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Fixing the Arts High School

September 08, 2002

It's a shame that the eagerness that led to the creation of a countywide arts high school in Santa Ana masked serious problems.

The Orange County High School of the Arts, which had outgrown its original home in Los Alamitos, received redevelopment funding from Santa Ana to build a bigger campus. The Santa Ana schools, the most ethnically homogeneous in Orange County, hoped to gain a program that would draw students from throughout the county, helping to diversify its population and alleviate some of the crowding at existing campuses. Santa Ana Unified trustees insisted that the school admit 30% of its students from Santa Ana, and operators of the arts campus rashly agreed.

The district assumed its students and parents wanted the arts school, but the students preferred their neighborhood campuses. The arts school assumed it would be able to admit enough students even though few Santa Ana students have the means for early-age tutoring in the arts to make them competitive or even interested. Neither party thought about how Santa Ana teens were going to attend a school that goes on until 5 p.m. when they're busy helping their financially struggling families by baby-sitting younger siblings so their parents can work. No one even thought of providing school buses.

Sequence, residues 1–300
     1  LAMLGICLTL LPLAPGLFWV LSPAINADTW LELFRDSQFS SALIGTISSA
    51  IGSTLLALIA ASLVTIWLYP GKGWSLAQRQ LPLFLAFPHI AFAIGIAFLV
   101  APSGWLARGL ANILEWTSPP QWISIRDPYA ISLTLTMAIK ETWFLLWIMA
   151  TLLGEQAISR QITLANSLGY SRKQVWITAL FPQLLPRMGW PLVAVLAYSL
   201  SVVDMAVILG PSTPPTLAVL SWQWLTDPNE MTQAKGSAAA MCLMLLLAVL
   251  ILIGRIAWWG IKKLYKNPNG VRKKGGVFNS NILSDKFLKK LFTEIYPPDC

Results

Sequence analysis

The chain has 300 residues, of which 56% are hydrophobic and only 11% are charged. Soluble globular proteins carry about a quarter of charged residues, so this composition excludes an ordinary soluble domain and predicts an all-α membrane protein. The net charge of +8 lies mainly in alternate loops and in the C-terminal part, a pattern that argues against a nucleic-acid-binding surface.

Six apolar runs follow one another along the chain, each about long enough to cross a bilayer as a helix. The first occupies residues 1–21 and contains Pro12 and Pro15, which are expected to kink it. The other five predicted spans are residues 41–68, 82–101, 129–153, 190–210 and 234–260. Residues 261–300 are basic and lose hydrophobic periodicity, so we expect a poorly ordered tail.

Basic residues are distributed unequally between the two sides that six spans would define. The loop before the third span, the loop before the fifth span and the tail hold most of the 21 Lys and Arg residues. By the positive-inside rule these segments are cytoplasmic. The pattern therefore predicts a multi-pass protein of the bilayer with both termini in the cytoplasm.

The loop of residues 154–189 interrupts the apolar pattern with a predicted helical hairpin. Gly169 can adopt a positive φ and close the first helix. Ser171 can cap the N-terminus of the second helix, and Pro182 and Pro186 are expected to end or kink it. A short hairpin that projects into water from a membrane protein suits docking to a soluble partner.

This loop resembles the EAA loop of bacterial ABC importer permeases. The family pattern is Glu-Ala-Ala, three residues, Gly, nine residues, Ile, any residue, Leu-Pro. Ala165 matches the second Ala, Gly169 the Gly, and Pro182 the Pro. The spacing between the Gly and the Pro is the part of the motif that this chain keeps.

Yet as the arts school prepares for its third year at the new campus, people are surprised that the ratio of Santa Ana students is about one-third the level promised.

The school's chief proposal for combating this malaise is to open a second charter, an elementary campus for the arts funded by grants and state bonds that would feed Santa Ana students into the high school.

The proposal ignores two problems.

Santa Ana residents are no more likely to flock to an arts charter for young children than one for older children. And the district already has the year-old El Sol Science and Arts Academy, an elementary campus that works for district families--as proved by its waiting list. It's a magnet school that also serves its neighborhood and offers dual-language immersion in English and Spanish, a strong science and math curriculum and enrichment in the arts.

No mistake, the High School of the Arts runs an outstanding program, but right now it's not a natural fit for Santa Ana, which has some of the lowest standardized test scores in the county and a laundry list of more pressing academic needs. Santa Ana parents line up to enroll their children in the district's fundamental schools, drawn by the much higher test scores at those campuses, but at this point they don't see rigorous arts training as part of their children's academic future.

One day, the pairing might succeed. But instead of squandering more resources on yet another arts campus for younger students, the city, district and charter school should be helping to develop El Sol's programs and find the permanent campus it needs. They should concentrate on aggressive extracurricular outreach, including music and art tutoring in the city's after-school programs. Convenient transportation to the high school campus might help too.

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